Political reform consultation fails the test of open debate
Frank Ching says a close reading of the political reform consultation document gives the lie to officials' promise of open-mindedness
The public consultation on political reform is in some ways reminiscent of an exercise launched by the British colonial government in 1987 on whether there should be direct elections in 1988. Both were intended to show that the government listens to the people, yet both were clearly designed to make the people listen to the government.
In the current consultation, we are told our views have to abide by the Basic Law, the National People's Congress Standing Committee's interpretation of 2004 and its decision in 2007 on constitutional reform. The consultation maintains the fiction that there is currently a working, executive-led government. But anyone with half a brain can see that the executive-led system is not working.
But are our views sought on this issue in the public consultation? Of course not.
Preconceived notions can be discerned in the consultation document. Thus, we are told that when creating the nominating committee, we may refer to the current Election Committee. It is entirely likely that in the end we will see the members of the Election Committee converted wholesale into members of the nominating committee and be told that this was the public's view.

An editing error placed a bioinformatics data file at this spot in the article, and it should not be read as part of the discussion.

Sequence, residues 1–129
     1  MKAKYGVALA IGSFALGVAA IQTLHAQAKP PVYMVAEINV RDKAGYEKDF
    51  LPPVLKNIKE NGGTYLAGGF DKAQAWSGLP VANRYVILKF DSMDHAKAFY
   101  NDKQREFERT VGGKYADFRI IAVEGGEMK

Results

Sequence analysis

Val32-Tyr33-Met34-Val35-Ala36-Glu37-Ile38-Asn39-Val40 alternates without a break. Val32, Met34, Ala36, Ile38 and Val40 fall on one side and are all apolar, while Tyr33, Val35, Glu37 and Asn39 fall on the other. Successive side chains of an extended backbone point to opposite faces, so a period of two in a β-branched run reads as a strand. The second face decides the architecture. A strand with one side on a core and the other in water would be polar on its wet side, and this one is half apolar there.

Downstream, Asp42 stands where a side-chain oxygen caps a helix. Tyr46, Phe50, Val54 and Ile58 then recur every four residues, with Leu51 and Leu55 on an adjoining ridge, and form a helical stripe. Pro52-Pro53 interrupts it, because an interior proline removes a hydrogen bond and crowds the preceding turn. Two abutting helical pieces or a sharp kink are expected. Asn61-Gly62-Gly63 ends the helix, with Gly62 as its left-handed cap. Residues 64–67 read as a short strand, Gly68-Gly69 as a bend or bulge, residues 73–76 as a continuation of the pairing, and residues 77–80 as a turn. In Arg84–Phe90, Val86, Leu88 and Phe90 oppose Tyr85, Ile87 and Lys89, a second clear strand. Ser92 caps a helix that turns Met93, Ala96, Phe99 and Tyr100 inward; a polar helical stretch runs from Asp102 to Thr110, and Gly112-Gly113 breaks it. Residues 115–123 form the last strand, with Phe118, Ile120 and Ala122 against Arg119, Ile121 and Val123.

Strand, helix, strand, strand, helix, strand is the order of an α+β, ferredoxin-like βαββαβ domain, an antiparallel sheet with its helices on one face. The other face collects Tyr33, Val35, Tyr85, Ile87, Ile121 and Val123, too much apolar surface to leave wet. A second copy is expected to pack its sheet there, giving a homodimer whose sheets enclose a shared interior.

This hasn't happened yet. The nominating committee doesn't exist yet. The public is supposed to decide how to create it. And yet, in Chapter Five of the consultation document, we are asked, "If the total number of nominating committee members is to be increased, how should the newly added seats be distributed among the four sectors?"
Wait a minute. There is no nominating committee yet. How can its membership be increased or decreased? The public has not spoken yet.
Perhaps this is an indication that decisions have already been made by the authorities and, in the fullness of time, will be announced as having been made by the public.
So far, we have been told that the Basic Law and the two NPC Standing Committee statements are authoritative and must be obeyed. We haven't been told that individual views of any Chinese official are just as authoritative.
And yet, it is implicit in the document. On page 26, we are told in a footnote that Qiao Xiaoyang , chairman of the NPC Law Committee, "mentioned" in a speech that "the nomination of chief executive candidates by the nominating committee is a form of organisational nomination".
That, presumably, is his personal view, not an NPC Standing Committee decision. And, yet, 13 pages later, when procedures for the nominating committee are discussed, we are asked, "How could the 'democratic procedures' reflect the requirement of 'organisational nomination'?"
So an opinion "mentioned" by Qiao is now a "requirement". Why is an opinion treated as though it is the equivalent of the Basic Law?
The more one reads this "consultation document", the harder it is to believe the government's contention that it has no preconceived opinions.